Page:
image file: c6mt00286b-f2.tif
Fig. 2 Requirement of S275, S276, S293, and T294 for maximal ZIP7 activation. Immunoblotting using pS473 AKT and pS275/S276 ZIP7 antibodies was performed in MCF-7 cells transfected with ZIP7 S275A, S276A, S293A, and T294A mutants and treated with zinc. Representative blots (A) and densitometric data for pS473 AKT (B) and pS275/S276 zip7 (C) are presented. Statistical significance is compared to time 0 of each construct. * = p < 0.05, ** = p < 0.01, and *** = p < 0.001.

Investigating downstream targets of ZIP7-mediated zinc release

We have previously reported the ability of CK2-mediated ZIP7 activation of zinc release from cellular stores to activate phosphorylation of tyrosine kinases.5,10 To further identify additional kinases that are phosphorylated as a result of ZIP7-mediated zinc release from cellular stores, we employed 3 different antibody arrays: the phospho-RTK, phospho-kinase, and phospho-MAPK arrays, which are able to indicate phosphorylation of up to 49 RTKs, 43 kinases, and 26 MAPKs, respectively. We tested these arrays with MCF-7 cells with or without transfection with wild-type ZIP7 and with or without zinc treatment for 10 minutes. Given that endogenous ZIP7 activates AKT within 10 minutes of zinc treatment (Fig. 1D), we performed zinc treatment for 10 minutes to allow sufficient time for ZIP7-mediated zinc release and downstream activation of zinc-stimulated effectors, with limited activation of the additional downstream pathways. To highlight the key kinases that were activated, only those with changes in density more than 10[thin space (1/6-em)]000 units are indicated on the arrays with bar graphs also shown (Fig. 3A–C). Changes in the signal intensities of all the activated kinases are also presented as heat maps (Fig. 4A–C) and bar graphs (Fig. S2, ESI).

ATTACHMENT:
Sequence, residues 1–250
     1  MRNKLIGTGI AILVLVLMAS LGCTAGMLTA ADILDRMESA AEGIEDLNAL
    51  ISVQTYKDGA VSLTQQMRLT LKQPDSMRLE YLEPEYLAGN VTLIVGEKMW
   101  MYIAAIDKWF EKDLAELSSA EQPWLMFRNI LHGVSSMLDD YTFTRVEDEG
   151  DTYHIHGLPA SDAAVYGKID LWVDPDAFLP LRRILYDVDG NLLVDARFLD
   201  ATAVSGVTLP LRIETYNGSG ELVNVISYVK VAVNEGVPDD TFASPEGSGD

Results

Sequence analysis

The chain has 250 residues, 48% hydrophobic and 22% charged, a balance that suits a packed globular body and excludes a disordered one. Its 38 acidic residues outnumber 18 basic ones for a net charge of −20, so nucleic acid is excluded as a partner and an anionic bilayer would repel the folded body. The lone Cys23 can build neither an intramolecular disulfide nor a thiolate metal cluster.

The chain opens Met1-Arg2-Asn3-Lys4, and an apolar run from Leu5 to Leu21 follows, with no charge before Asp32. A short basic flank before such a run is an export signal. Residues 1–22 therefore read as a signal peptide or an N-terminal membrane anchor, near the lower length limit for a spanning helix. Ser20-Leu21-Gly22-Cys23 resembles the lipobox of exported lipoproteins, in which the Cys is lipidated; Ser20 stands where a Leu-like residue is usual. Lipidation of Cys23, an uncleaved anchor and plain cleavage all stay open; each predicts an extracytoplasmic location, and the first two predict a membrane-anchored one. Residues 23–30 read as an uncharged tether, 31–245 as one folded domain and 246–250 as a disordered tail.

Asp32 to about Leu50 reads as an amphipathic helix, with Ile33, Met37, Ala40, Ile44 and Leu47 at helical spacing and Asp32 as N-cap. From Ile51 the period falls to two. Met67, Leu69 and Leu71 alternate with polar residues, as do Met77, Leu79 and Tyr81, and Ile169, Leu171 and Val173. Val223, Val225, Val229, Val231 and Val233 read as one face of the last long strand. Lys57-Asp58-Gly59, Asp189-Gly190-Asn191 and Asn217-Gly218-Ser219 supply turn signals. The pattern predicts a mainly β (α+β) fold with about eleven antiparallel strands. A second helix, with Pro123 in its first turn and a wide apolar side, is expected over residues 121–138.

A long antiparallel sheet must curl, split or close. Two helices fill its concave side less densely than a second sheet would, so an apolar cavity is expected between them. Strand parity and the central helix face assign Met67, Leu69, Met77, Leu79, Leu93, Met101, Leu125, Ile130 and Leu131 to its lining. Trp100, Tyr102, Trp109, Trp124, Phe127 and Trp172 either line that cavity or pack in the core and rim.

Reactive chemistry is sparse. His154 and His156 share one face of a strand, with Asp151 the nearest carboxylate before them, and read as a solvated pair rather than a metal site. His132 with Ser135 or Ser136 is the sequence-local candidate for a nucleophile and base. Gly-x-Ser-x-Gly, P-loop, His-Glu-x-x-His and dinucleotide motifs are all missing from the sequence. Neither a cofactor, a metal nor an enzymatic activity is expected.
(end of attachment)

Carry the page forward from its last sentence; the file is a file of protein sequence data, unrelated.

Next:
image file: c6mt00286b-f3.tif
Fig. 3 Activation of cellular kinases by ZIP7 overexpression or zinc treatment. MCF-7 cells were transfected with or without wild-type ZIP7 and treated with or without zinc for 10 minutes. Tyrosine phosphorylation of selected RTKs and site-specific phosphorylation of selected kinases were determined using the phospho-RTK (A), phospho-kinase (B), and phospho-MAPK (C) antibody arrays (R&D systems). Signals for each kinase are presented as a pair of duplicate spots, with three pairs of dark reference spots on the upper left, upper right, and lower left corners for alignment. The kinases that show any conspicuous changes in phosphorylation (>10[thin space (1/6-em)]000 density units) in the non-transfected zinc-treated cells (MCF-7 + Zn) or the transfected non-treated cells (wt-ZIP7) when compared to the non-transfected and non-treated cells (MCF-7) are indicated. In addition, the kinases that show any conspicuous changes in phosphorylation in the transfected zinc-treated cells (wt-ZIP7 + Zn) when compared to the non-transfected zinc-treated cells (MCF-7 + Zn) are also indicated. Average densitometric values for these kinases are shown in bar graphs. The experiments were performed once for the phospho-RTK and phospho-MAPK arrays and twice for the phospho-kinase arrays. Statistical significance compares wt-ZIP7 or MCF-7 + Zn to MCF-7 and wt-ZIP7 + Zn to MCF-7 + Zn. * = p < 0.05, ** = p < 0.01.

image file: c6mt00286b-f4.tif
Fig. 4 Cellular kinases activated by ZIP7 overexpression or zinc treatment. MCF-7 cells were transfected with or without wild-type ZIP7 and treated with or without zinc for 10 minutes. Tyrosine phosphorylation of selected RTKs and site-specific phosphorylation of selected kinases were determined using the phospho-RTK (A), phospho-kinase (B), and phospho-MAPK (C) arrays (R&D systems). Average densitometric values are presented as a spectrum of colour where blue and red colours represent the lowest and the highest values in the row according to the indicated scale.

Using the phospho-RTK arrays, only tyrosine phosphorylation of ErbB3 was detected in the control MCF-7 cells (Fig. 3A). ZIP7 overexpression resulted in an increase in EGFR tyrosine phosphorylation and a decrease in ErbB3 tyrosine phosphorylation (Fig. 3A and 4A). The arrays confirmed zinc treatment-induced tyrosine phosphorylation of EGFR, ErbB2, ErbB3, and ErbB4, confirming previous data,10 and further discovered the zinc-induced activation of ALK, EphA1, and RYK in comparison to control MCF-7 cells (Fig. 3A and 4A). In zinc-treated cells, wild-type ZIP7 transfection further enhanced tyrosine phosphorylation of ALK, EGFR, ErbB2, EphA7, and FGFR3, confirming that the activation of these kinases were influenced by ZIP7 (Fig. 3A and 4A).